For his first time directing big car chases and tough fight scenes, McKay made sure to align himself with the best fight action man that Hollywood could offer. "We're doing them like we're shooting 'Bourne.' We have a lot of the people from 'The Bourne Identity' -- we have our producer Pat Crowley, [cinematographer] Oliver Wood shot all of it, so it's actually fantastic." McKay said. "You can literally say, 'How would you do this in 'Bourne'?' Dare I say, there's actually a couple of scenes that are kind of kick-ass. We shot a giant shoot-out in a conference room. It looks amazing, actually."

The tension between Wahlberg and Ferrell and their rivals (played by Rob Riggie and Damon Wayans, Jr.) reaches a breaking point, and things get physical. "My toughest day was wrestling Mark Wahlberg all day," Riggle said. "He beat the tar out of me." "He likes to show that he's strong," Wayans added, who also had to earn some bruises of his own when his face meets the fist of the former 'Elf.' Although, according to Wayans, Will's right hook needs some work: "Will's a little soft, but I kind of just gave him that. Inner guilt. It was for the cameras, really," he said.

Wahlberg said, "I wasn't signing up for an action, I was signing up for a comedy, next thing you know we're doing karate and s**t."

"I just run away," Ferrell added.

The Art of Improv
With Ferrell and McKay's background in live comedy, the duo loved bringing the improvisational attitude to a film shoot. "These guys go non-stop, and not only is it Will, every single person that plays, whether it's a big part or a day-player -- everybody that just comes in is on fire," Wahlberg said. "You got to be on your toes."

As challenging as it can be to improvise, McKay saw a lot of benefits to the comedic form. "It does it more than just the actual words, it also makes the actors looser, we start getting more personalized reads out of people," he said. "You see movies where it's word-for-word, it almost tends to be more stylized ... Whereas people improvise, it just has a flow and rhythm to it, that allows you to be stylized about other stuff."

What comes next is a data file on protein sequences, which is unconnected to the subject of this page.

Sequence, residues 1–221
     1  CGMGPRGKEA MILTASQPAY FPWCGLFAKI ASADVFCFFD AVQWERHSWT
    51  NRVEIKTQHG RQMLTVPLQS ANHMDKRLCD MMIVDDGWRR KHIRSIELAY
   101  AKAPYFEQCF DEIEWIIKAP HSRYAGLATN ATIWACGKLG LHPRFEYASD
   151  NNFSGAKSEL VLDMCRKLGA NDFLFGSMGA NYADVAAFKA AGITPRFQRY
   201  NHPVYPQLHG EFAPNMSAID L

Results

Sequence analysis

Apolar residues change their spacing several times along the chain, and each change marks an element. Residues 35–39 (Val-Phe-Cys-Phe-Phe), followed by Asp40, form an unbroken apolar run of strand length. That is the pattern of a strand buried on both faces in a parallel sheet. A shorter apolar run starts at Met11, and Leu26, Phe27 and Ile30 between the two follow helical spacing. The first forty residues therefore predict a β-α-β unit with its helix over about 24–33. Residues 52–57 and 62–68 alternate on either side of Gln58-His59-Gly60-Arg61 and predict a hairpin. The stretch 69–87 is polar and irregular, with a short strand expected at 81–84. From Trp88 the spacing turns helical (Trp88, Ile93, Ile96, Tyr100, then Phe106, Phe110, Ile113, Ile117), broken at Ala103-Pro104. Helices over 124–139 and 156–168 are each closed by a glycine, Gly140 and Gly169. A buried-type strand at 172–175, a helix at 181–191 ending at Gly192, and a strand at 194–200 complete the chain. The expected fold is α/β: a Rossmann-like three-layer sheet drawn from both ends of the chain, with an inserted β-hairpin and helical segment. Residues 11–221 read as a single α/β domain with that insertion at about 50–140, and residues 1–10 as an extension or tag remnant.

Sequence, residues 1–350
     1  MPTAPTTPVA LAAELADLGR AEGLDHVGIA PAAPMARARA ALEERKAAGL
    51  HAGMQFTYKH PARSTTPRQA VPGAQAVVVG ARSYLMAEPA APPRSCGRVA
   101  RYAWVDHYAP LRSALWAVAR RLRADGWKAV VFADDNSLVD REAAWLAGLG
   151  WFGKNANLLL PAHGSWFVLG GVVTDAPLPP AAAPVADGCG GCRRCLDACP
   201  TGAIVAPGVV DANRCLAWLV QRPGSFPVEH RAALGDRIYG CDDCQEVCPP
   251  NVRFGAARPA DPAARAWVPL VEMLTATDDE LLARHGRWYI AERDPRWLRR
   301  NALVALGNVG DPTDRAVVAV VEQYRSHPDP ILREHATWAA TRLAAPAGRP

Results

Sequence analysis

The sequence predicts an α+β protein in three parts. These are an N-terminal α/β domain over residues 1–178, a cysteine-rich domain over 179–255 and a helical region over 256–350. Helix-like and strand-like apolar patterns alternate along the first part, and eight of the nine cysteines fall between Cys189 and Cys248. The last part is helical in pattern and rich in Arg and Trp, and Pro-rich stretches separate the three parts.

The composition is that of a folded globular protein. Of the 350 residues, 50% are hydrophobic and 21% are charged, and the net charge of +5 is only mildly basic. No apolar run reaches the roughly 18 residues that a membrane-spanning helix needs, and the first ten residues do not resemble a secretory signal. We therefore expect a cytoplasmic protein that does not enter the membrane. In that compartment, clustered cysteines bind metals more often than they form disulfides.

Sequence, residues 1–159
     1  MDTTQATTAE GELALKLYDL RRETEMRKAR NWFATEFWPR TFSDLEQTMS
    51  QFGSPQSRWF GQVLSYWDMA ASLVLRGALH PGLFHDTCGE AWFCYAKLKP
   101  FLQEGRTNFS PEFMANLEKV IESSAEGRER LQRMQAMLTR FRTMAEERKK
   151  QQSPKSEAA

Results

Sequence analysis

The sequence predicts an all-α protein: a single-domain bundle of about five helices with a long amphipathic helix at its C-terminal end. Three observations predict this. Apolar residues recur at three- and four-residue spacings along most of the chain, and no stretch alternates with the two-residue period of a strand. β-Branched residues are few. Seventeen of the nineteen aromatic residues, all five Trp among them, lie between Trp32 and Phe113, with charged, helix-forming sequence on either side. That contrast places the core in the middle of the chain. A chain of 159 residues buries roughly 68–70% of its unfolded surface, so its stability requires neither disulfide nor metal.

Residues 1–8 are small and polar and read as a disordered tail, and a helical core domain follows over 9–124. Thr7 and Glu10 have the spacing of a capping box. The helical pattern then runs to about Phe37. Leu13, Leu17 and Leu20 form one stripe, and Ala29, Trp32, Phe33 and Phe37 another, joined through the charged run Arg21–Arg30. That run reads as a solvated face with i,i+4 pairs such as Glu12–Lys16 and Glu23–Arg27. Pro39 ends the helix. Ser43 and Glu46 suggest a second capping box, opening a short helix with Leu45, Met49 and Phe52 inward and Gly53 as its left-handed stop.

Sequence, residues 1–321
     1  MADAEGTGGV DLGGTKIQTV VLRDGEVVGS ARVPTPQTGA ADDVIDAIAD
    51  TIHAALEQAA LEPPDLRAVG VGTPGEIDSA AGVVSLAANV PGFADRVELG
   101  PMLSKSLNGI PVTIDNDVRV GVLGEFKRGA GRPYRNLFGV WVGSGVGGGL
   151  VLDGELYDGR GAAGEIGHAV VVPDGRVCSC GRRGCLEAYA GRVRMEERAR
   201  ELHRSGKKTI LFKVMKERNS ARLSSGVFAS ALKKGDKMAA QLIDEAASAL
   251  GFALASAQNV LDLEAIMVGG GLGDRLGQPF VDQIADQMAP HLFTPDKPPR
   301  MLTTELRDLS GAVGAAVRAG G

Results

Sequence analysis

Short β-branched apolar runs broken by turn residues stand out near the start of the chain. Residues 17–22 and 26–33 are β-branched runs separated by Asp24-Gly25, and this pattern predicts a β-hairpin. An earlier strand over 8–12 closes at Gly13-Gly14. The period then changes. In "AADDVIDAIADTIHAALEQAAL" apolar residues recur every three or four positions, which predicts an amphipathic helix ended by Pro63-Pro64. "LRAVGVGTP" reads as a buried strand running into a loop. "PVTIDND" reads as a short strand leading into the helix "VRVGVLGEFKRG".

"The beauty of improvising and getting the best real reactions and emotion are when it's just happening ...," Riggle said. "If you try to pre-think it too much, you end up trying the write the other person's lines as well as your own, and they never say what you want them to say. So it gets lost ... Improvising is all about just being in the moment and reacting in an appropriate way." Wayans adds "In improv, you come up with crap sometimes and sometimes it will just be a home-run. And that's when it's fun, that's when it's really fun."

"Adam rides herd on that and watches it and even on set says enough things to bring it back, so the story is still moving along," Keaton said. He also believes that "it's indicative of a new generation ... When I was in improv workshops or stand-up, writing comedy with others ... it wasn't as healthy back then, in my opinion, it's healthier now. They're cooler about it. Today, everybody throws in and helps out, there's a give and take, as opposed to neuroses or jealousy, which never made me feel comfortable ... I'll say you've got to be able to hit a curve-ball when you show up with these guys ... These guys bring it every day, which is fun, it wakes up a part of your brain that's been long dormant."

The Big Apple
Wahlberg is no stranger to performing in New York City, but this is the first time he has ever taken his manic brand of comedy onto the streets themselves in a huge setting. "It's such an energy to shoot here," he said. "Definitely when you're doing an exterior in a big crowded part of the city, there's some issues with people constantly yelling, 'Hey 'Entourage'!' 'I love 'Entourage'!'"

But even as the producer of 'Entourage,' Wahlberg does not get special treatment if he causes a traffic jam while filming: "You're like 'Could you guys wait over here?' 'Get the f*** out of here' and they just go through the shot. Even old ladies."

Trying to contain that energy for his film was one of McKay's goals: "We looked at some of [Sidney] Lumet's stuff, as far as how he shoots New York, cause I love that '70s look of New York, with the browns highlighted and that slightly dirty feeling, and Manhattan is pretty clean compared to the '70s, but we like that look ... As soon as we started shooting, we realized, 'Oh my god, New York dictates your look.' If you shoot in New York, New York is your look. From that base, and that coloration of New York, we started tweaking it, playing with it. But just by virtue of shooting in New York, it's the best looking film we've shot. There's no question about it.

"It is a living organism, this city, that you have to deal with. It's just making us laugh that these two characters are in a scene with the Empire State Building in the background. It's so great to feature the city as a character in the movie," Ferrell said.